The Automatic Detective - A. Lee Martinez

The Automatic Detective


A. Lee Martinez

 Dresden Files, move over. The Automatic Detective has stolen my heart as the best scifi/fantasy-detective noir crossover out there. The characters are fun and funny and it is a well-written, enjoyable spoof that carries and twists all of the tropes of the noir genre. Our first-person narrator and PI, Mack Megatron, is an AI-driven robot, which, created to help destroy civilization by a mad genius, unexpectedly developed the "Freewill Glitch" and refused to kill. So now he's trying to eke out a living in the big city as a cab driver while waiting out his probation. As the first killer robot to get the Freewill Bug, the city is still waiting to see if he'll snap back to his violent programming. He isn't adjusting too well--he can't really understand how "biologicals" think and, despite quite a few sessions with a robot psychiatrist, he still thinks of himself as a machine rather than a person. Isolated and practically friendless, he spends a lot of time on low power, staring blankly at his refrigerator. But suddenly he's forced to snap into action. When one of the few families who is kind to him, his next-door-neighbors, are kidnapped, Mack forswears logic (that requires turning off his "difference engine") and sets out to find them. The remaining adventure pulls elements from standard noir--femme fatals, gangsters, and banter abound--and science fiction--almost everyone in the town has some sort of mutation due to vast amounts of pollutants--in a completely original way and from a totally new perspective epitomized by his appearance: a bright red robot wandering around in trenchcoat and fedora.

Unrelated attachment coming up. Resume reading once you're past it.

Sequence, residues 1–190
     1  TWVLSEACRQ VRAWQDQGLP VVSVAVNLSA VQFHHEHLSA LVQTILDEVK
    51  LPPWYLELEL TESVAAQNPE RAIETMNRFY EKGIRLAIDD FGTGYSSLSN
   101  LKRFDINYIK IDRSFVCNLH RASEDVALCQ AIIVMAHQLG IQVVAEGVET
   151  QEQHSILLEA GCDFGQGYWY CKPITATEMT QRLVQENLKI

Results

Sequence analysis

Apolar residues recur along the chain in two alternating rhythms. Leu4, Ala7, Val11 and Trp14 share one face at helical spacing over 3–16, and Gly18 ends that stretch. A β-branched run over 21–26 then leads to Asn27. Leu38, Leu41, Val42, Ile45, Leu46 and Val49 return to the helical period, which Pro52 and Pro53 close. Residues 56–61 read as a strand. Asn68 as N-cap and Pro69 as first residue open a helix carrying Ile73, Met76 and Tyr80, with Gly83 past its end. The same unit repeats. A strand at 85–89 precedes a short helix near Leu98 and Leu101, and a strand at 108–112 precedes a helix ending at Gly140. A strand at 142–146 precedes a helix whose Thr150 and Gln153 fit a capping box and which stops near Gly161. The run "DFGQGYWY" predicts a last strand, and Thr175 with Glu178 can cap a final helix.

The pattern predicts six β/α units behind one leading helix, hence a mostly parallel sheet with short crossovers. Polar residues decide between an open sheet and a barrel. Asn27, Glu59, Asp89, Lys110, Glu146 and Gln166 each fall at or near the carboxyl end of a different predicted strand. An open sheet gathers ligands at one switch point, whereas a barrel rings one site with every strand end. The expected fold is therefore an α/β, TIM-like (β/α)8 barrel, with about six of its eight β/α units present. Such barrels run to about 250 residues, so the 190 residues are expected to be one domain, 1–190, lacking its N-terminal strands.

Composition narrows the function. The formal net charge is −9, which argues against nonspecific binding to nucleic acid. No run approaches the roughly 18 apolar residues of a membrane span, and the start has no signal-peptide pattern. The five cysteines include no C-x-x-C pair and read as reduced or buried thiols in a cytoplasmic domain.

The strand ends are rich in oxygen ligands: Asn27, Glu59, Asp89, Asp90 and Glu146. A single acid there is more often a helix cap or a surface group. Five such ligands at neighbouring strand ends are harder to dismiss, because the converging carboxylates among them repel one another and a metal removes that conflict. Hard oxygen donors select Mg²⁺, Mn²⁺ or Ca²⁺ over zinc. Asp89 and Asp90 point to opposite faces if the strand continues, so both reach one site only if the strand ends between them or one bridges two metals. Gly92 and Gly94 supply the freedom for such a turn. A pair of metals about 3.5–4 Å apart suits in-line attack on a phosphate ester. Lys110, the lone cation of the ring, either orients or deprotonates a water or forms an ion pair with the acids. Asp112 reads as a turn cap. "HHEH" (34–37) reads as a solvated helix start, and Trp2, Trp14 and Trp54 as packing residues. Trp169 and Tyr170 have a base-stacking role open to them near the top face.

Take the common "hardboiled detective novel" tropes:

  • Hardboiled: Mack can take some damage, all right. He was built as a tool of destruction, after all.
  • Totally blunt and direct: "My shrink says I should work on my social subroutine."
  • Daddy issues: Most noir heroes have sad pasts, usually due to family issues: abuse, being orphaned, etc. Mack's creator was a mad genius, now housed in an asylum-come-prison, and Mack was programmed to be loyal to him. That ends up creating quite a bit of inner conflict.
  • Femme Fatals: the lovely Lucia Napier has her sights firmly set on seducing--or at least confusing--Mack. He starts out being extremely bemused by her flirtation, only able to identify it via statistical analysis. He also keeps thinking of her as being squishy: "Attractive to 92 percent of the average biological populace with an eight point margin based on personal preference."
  • Damsel in distress: the mother and daughter Mack is out to find, the only people, before Lucia, who got near to his armor-crushing strength.
  • Idiotic closemouthedness: much of the plot of a noir novel is driven by the protagonist's completely stupid unwillingness to trust anyone or tell anyone about what he has discovered. A new twist: the bad guys stick a worm in Mack's programming. He literally can't tell anyone about what's going on.

Fun and brilliant as a spoof, this book sold itself by the characters. Maybe they're not totally deep, but they have entertaining quirks and are extremely sympathetic. Robot or no, Mack Megatron is the most entertaining and sympathetic protagonist I've read for quite a bit.